Considering pets during estate planning is a growing trend since the media reported that Leona Helmsley left $12 million to her Maltese after her death in 2007 (the judge later reduced the amount to $2 million). To many people, a pet is more than just a pet – many consider their pet a friend or just another member of the family. Given the importance of this relationship, plans should be made for their future and funds should be designated to provide for their continuing care. Although a pet is legally considered property, they should be handled differently than a house, automobile, or other property.

Pet owners who want to include their pet(s) in estate planning should consider forming a pet trust. A pet trust is valid during the owner’s life, in case of incapacitation or illness, and after death. The trust will provide for the maintenance and care of the pet(s). A pet trust will include the designation of a caregiver who will care for the pet(s) and follow the instructions for care as outlined by the owner. The pet trust will also include a trustee who will oversee the funds in the trust that will cover the pets’ care. It is a good idea to include a successor caregiver and successor trustee in case the primary caregiver or trustee is unwilling or unable to serve.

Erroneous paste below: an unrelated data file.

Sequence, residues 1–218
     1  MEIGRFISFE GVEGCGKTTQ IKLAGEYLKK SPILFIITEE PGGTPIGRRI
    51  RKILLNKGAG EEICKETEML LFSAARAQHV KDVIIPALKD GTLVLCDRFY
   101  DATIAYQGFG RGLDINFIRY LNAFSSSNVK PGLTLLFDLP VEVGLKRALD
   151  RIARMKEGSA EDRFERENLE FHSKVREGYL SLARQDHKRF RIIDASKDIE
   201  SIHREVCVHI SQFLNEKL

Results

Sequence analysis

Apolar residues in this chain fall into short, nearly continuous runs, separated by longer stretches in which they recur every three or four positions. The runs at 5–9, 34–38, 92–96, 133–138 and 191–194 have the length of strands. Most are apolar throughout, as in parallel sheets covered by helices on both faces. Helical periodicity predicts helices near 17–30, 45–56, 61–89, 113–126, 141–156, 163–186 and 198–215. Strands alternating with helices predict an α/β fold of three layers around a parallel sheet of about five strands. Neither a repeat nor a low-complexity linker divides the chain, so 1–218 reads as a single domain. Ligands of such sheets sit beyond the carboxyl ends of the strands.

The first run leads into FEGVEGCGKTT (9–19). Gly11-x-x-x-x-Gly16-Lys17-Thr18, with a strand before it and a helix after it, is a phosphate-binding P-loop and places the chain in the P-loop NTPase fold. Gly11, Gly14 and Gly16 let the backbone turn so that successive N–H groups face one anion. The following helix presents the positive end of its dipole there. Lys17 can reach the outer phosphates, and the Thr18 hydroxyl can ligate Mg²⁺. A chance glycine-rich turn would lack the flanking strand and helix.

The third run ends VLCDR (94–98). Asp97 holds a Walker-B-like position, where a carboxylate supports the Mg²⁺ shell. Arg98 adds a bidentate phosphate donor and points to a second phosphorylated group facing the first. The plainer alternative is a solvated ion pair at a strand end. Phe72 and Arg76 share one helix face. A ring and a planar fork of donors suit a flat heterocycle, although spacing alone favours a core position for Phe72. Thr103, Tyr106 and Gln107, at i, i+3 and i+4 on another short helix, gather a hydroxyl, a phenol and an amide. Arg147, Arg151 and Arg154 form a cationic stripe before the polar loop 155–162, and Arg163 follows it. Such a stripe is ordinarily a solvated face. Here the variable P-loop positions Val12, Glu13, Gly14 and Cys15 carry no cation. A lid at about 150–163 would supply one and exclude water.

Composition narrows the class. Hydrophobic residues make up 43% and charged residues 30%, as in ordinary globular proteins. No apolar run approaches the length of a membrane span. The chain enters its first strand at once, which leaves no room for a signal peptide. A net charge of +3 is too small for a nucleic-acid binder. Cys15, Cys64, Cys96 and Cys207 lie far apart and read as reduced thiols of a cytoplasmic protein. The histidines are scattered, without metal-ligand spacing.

Not all states have pet trust laws, but Tennessee enacted pet trust laws in 2004. The summary of the law is as follows: A trust may be created for the care of an animal or animals alive during the settlor’s lifetime. The trust terminates upon the death of the animal, or upon the death of the last surviving animal covered by the trust. However, the trust is not valid for more than 90 years.